Everybody's Jane: Austen in the Popular Imagination
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The first bookto investigate Jane Austen's popular significance today, Everybody's Jane considers why Austen matters to amateur readers, how they make use of hernovels, what they gain from visiting places associated with her, and why theycreate works of fiction and nonfiction inspired by her novels and life.The voices of everyday readers emerge fromboth published and unpublished sources, including interviews conducted with literary tourists and archival research into thefounding of the Jane Austen Society of North America and the exceptional Austencollection of Alberta Hirshheimer Burke of Baltimore.Additional topics include new Austenportraits; portrayals of Austen, and of Austen fans, in film and fiction; andhybrid works that infuse Austen's writings with horror, erotica, or explicitChristianity.Everybody's Jane will appeal to all those who care about Austen and will change how we think about theimportance of literature and reading today.
ways, Recreating Jane Austen, Jane Austen on Screen, and Jane Austen and Co. take a broader approach than does Jane Austen in Hollywood to the phenomenon of Austen’s popularity on screen in the 1990s. Many of the essays collected in Recreating Jane Austen and Jane Austen on Screen analyze the 1990s versions in relation to the history of Austen adaptation—a history that, in the absence of significant prior critical work, these scholars also actively fill in. Recreating Jane Austen, while primarily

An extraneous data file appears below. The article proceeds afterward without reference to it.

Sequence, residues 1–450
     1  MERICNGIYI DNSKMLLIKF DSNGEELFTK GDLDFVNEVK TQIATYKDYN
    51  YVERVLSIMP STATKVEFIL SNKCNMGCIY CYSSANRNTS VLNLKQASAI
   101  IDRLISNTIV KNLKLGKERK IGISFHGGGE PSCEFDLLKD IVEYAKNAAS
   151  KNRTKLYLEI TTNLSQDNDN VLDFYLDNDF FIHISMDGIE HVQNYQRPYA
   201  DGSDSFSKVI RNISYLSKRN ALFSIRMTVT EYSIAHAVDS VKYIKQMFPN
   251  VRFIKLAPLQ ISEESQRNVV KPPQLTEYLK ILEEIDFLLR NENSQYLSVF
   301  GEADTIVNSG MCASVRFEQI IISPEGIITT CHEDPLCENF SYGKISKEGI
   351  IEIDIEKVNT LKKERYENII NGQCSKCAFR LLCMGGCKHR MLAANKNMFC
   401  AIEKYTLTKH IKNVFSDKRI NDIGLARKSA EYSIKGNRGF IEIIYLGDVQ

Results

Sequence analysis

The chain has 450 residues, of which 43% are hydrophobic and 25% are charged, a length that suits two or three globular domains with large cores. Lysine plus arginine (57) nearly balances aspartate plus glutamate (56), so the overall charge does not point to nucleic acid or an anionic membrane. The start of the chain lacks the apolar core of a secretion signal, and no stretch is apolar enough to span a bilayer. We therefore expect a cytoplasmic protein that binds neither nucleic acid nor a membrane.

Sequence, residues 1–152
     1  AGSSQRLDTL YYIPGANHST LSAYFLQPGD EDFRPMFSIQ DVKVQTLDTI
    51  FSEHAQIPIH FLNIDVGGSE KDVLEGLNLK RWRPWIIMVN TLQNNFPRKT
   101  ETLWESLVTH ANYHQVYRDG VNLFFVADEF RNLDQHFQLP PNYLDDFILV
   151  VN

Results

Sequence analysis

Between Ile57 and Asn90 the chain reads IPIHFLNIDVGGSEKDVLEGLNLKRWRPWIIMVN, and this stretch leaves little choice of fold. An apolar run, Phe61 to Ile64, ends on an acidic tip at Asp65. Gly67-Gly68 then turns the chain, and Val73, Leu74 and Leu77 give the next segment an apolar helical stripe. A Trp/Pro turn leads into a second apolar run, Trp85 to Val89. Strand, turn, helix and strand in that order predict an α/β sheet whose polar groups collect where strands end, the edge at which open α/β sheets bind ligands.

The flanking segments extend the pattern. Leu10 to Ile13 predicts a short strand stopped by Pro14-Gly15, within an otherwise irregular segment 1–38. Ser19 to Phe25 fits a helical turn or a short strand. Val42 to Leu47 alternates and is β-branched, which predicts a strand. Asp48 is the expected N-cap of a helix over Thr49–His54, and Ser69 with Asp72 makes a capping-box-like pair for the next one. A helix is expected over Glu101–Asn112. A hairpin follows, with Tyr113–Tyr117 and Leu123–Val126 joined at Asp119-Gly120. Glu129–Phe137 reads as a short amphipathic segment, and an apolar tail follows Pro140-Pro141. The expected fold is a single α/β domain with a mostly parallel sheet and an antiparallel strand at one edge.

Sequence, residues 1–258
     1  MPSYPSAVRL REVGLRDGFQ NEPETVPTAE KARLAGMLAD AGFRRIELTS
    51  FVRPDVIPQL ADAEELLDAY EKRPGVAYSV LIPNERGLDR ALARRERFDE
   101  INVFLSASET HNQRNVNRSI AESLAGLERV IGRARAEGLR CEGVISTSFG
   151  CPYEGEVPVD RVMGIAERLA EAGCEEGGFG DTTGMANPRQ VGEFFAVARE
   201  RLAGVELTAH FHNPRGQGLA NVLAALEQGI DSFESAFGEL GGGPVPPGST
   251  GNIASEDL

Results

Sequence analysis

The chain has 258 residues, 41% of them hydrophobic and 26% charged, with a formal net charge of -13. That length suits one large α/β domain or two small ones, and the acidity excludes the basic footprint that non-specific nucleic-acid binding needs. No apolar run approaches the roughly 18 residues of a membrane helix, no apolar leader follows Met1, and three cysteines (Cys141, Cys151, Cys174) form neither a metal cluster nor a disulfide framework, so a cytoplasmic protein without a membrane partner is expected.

Media Are Destroying Our Economy, Our Culture, and Our Values (New York: Doubleday, 2008). 47 Deidre Lynch, “At Home with Jane Austen,” in Cultural Institutions of the Novel, ed. Deidre Lynch and William B. Warner (Durham, NC: Duke University Press, 1996), 159–92. Claudia L. Johnson, “Austen Cults and Cultures,” in The Cambridge Companion to Jane Austen, ed. Edward Copeland and Juliet McMaster (Cambridge: Cambridge University Press, 1997), 211–26. See also Johnson’s influential 1996 article “The
(which Alberta had not mentioned in writing) that a different institution would receive the Austen manuscripts.82 In reply, Alberta expressed her relief at settling the question of her collection’s future: “From the time when my Jane Austen material first began to overflow the one-shelf bounds assigned to it, I have always intended that Goucher should be the ultimate recipient of the Jane Austen books, and I have hoped that, sometime in the future, others would partake of the very great pleasure
albeit to a lesser degree, with people who don’t particularly like Austen, or who come to her with initial reluctance. Such is Austen’s prominence in today’s popular culture that people can sometimes feel embarrassed about not having read her, or by having read her (or viewed a screen adaptation) and not seen what the point was. Jane Austen is not, in fact, for absolutely everybody. Men in particular are underrepresented among today’s lovers of Austen, a fact that is especially striking given
affection for the author. Visitors are not the only ones who enjoy the experience of being in Jane Austen’s House. Many of the museum’s staff members, both professional and volunteer, are lovers of Austen and take a special pleasure in working Getting Closer to Austen: Literary Tourism 131 at the house where she wrote. “You have to have a love of Jane Austen,” says Catherine Hogan, a volunteer steward, who describes herself as feeling “privileged” to work at the house. Hogan’s own copies